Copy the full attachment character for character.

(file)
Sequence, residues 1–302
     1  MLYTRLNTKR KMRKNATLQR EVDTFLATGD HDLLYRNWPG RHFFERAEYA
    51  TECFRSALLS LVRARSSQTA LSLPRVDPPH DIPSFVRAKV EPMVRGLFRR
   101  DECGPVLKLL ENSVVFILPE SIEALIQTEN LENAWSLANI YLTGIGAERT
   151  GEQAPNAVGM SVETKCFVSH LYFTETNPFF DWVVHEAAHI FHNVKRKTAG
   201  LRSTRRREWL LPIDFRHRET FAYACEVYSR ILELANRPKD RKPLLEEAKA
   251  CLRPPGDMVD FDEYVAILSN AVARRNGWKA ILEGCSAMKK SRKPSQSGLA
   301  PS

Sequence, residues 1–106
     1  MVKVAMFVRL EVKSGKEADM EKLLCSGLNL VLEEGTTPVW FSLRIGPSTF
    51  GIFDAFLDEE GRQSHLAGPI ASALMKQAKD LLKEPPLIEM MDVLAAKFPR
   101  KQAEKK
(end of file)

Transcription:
Sequence, residues 1–302
     1  MLYTRLNTKR KMRKNATLQR EVDTFLATGD HDLLYRNWPG RHFFERAEYA
    51  TECFRSALLS LVRARSSQTA LSLPRVDPPH DIPSFVRAKV EPMVRGLFRR
   101  DECGPVLKLL ENSVVFILPE SIEALIQTEN LENAWSLANI YLTGIGAERT
   151  GEQAPNAVGM SVETKCFVSH LYFTETNPFF DWVVHEAAHI FHNVKRKTAG
   201  LRSTRRREWL LPIDFRHRET FAYACEVYSR ILELANRPKD RKPLLEEAKA
   251  CLRPPGDMVD FDEYVAILSN AVARRNGWKA ILEGCSAMKK SRKPSQSGLA
   301  PS

Sequence, residues 1–106
     1  MVKVAMFVRL EVKSGKEADM EKLLCSGLNL VLEEGTTPVW FSLRIGPSTF
    51  GIFDAFLDEE GRQSHLAGPI ASALMKQAKD LLKEPPLIEM MDVLAAKFPR
   101  KQAEKK